Ottolenghi and Tamimi, authors of Jerusalem: A Cookbook, have created Ottolenghi: The Cookbook to share the most popular recipes from their four Ottolenghi restaurants (which are each a sort of combination restaurant/patisserie/deli). Both Ottolenghi and Tamimi were born in Jerusalem but now live in London. Their respective Jewish and Palestinian backgrounds clearly form the backbone of their cooking and baking, but their style has been infused with British elements that make for irresistible di Ottolenghi and Tamimi, authors of Jerusalem: A Cookbook, have created Ottolenghi: The Cookbook to share the most popular recipes from their four Ottolenghi restaurants (which are each a sort of combination restaurant/patisserie/deli). Both Ottolenghi and Tamimi were born in Jerusalem but now live in London. Their respective Jewish and Palestinian backgrounds clearly form the backbone of their cooking and baking, but their style has been infused with British elements that make for irresistible dishes. Full review will appear in Shelf Awareness.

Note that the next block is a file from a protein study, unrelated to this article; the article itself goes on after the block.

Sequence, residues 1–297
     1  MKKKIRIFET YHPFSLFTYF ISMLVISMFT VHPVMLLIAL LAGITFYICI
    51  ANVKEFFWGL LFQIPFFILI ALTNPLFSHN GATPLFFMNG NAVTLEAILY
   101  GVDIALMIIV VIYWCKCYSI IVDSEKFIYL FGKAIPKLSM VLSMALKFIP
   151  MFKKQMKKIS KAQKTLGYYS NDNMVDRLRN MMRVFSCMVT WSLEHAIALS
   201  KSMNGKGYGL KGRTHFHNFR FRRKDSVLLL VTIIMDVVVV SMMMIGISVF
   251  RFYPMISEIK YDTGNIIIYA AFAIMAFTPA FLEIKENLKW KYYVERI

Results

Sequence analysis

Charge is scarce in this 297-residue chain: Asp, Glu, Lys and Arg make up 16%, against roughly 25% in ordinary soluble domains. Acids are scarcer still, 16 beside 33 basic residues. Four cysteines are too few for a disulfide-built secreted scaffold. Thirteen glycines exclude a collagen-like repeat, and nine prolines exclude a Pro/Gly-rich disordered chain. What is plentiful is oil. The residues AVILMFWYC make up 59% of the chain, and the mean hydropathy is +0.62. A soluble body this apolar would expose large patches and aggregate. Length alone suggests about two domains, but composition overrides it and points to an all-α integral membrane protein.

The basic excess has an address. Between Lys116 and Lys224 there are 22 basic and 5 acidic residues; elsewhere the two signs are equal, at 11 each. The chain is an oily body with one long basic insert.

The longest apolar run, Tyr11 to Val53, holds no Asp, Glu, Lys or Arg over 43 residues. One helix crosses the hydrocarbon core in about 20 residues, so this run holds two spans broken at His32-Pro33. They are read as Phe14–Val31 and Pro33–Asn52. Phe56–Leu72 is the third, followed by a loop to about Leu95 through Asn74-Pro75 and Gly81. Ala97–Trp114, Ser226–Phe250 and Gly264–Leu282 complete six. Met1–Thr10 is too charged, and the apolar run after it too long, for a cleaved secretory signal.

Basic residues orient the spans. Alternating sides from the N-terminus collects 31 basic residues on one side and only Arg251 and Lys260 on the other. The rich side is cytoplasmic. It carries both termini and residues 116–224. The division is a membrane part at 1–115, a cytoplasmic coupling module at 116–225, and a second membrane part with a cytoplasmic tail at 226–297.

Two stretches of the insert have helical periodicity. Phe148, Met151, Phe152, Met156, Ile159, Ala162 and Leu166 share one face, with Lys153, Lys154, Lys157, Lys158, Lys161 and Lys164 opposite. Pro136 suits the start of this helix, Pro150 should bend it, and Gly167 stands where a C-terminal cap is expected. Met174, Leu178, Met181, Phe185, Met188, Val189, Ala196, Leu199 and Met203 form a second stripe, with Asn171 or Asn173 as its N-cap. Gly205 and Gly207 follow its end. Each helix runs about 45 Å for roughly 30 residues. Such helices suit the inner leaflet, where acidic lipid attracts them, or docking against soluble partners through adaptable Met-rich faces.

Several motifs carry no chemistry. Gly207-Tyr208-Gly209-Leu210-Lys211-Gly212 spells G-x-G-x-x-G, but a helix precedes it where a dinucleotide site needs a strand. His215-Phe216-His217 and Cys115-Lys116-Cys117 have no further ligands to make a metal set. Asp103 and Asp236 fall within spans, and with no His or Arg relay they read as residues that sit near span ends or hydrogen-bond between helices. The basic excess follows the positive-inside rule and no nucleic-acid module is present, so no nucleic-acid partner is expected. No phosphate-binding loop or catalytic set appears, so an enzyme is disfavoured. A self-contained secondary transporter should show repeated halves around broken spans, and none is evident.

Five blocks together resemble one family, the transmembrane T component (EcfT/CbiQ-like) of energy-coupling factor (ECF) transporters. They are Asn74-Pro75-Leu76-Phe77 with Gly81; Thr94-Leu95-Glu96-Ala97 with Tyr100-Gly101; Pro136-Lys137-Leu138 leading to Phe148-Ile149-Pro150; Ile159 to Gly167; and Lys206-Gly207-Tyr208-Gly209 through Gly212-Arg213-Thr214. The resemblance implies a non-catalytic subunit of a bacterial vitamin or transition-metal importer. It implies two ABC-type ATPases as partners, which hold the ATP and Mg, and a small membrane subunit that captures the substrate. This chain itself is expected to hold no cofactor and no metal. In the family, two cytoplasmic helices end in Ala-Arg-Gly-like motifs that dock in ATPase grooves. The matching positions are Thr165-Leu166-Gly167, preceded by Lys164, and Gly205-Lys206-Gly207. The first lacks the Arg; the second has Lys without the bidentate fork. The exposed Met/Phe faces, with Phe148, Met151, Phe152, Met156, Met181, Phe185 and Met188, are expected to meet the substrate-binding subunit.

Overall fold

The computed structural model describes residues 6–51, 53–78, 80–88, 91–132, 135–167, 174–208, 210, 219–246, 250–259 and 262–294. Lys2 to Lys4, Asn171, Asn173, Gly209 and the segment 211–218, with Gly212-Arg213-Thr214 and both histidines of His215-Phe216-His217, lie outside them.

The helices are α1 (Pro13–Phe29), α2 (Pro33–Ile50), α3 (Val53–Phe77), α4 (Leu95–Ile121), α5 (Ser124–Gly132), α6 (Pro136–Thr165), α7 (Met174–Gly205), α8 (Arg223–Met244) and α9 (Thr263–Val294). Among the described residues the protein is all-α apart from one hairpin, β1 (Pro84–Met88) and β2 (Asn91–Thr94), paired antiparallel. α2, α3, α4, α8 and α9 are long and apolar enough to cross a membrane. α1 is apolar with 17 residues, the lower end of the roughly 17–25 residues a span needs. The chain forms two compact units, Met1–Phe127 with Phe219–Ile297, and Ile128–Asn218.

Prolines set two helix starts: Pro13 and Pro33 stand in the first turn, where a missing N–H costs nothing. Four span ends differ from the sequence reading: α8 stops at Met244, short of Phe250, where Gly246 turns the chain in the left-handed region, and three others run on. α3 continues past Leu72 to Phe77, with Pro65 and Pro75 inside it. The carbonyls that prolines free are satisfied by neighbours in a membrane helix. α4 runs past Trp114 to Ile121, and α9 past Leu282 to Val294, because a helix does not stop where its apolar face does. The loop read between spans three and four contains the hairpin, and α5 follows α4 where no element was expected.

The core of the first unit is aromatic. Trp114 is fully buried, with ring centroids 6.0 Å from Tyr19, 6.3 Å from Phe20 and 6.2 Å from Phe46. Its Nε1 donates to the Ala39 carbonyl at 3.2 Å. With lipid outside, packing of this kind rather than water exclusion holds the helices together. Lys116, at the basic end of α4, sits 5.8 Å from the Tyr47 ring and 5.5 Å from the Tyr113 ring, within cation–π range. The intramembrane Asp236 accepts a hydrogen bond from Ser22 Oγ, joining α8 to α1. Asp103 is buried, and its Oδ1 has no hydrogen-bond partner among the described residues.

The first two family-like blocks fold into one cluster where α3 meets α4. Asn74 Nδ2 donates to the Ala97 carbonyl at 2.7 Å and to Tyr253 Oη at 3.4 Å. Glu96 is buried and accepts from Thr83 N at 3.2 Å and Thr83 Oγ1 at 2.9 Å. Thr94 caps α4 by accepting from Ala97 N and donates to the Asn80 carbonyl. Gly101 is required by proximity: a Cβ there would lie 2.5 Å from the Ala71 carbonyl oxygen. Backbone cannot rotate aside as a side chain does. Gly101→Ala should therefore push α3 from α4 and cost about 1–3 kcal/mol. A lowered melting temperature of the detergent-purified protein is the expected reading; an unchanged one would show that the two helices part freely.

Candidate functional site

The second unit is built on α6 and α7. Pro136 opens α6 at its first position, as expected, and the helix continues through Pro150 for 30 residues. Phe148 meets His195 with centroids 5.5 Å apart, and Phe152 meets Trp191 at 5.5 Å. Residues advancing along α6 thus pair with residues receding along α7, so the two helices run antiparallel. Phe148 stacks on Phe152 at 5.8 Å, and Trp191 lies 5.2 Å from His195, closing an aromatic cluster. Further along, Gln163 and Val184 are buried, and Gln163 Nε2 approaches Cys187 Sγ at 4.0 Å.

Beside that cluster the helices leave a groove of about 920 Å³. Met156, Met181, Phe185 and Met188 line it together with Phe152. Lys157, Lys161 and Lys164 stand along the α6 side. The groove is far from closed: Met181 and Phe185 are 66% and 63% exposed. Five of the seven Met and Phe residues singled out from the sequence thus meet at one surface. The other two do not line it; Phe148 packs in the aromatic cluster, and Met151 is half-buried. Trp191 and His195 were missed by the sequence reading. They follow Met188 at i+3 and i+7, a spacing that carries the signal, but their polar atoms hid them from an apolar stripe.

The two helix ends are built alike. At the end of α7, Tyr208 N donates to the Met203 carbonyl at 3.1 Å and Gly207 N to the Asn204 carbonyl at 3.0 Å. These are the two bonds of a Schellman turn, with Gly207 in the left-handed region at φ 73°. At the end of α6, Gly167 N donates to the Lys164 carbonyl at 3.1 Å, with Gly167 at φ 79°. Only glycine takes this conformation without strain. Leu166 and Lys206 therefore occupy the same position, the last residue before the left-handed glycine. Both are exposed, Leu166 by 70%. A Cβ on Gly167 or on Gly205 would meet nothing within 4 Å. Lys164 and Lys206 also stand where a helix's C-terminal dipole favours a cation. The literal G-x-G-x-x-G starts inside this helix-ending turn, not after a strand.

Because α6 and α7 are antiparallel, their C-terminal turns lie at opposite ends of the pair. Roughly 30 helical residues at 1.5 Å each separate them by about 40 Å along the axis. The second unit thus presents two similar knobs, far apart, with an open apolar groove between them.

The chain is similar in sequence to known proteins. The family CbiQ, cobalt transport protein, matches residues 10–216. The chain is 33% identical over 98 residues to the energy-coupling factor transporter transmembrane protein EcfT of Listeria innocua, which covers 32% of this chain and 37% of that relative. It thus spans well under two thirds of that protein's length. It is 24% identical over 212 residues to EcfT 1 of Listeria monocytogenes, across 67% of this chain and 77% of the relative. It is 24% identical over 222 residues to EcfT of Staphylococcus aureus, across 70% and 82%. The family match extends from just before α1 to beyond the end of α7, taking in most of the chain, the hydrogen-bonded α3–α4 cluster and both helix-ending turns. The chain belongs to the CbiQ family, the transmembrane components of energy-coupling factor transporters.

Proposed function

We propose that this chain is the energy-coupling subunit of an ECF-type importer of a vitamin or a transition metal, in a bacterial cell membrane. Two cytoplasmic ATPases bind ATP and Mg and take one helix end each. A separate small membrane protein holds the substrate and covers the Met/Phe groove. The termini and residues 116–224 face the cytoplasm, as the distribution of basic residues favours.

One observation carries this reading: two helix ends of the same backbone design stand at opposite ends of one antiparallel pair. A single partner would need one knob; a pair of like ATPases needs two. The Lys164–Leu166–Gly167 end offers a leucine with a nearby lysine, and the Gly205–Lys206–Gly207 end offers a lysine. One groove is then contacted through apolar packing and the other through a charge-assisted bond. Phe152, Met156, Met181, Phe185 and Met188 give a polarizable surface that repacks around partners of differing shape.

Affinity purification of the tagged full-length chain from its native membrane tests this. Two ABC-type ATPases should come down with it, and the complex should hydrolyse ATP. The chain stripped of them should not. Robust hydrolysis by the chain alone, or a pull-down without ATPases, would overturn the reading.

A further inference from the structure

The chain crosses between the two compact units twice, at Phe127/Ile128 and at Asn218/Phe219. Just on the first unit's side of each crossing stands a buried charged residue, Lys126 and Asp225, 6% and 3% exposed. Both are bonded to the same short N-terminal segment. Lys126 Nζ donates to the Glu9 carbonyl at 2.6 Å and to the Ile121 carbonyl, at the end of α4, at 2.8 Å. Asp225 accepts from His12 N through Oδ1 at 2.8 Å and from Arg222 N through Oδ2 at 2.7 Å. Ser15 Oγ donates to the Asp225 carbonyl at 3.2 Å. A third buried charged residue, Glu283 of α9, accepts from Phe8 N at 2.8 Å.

29. 4 out of 5

    Eling

    Really interesting flavors & recipes that seem fairly achievable for the home cook. However, not necessarily a book I felt the need to add to my library or that I think I would reach for regularly if I did own it. More guest/special occasion-type recipes. Added step of converting recipes from metric/weight system to use, not sure if it was just the version I had of the book, though. Bonus: photos were lovely & quite abundant.

  30. 5 out of 5

    Megan

    This book was somewhat disappointing to me. After hearing about so many people rave about it, I kept looking for something more. The recipes seem well suited to be made at home, but nothing screamed at me to make it. It was a touch annoying to see all the European measurements; I didn't expect American measurements, but having to convert various measurements (I don't own a scale) made me even less likely to cook from this book.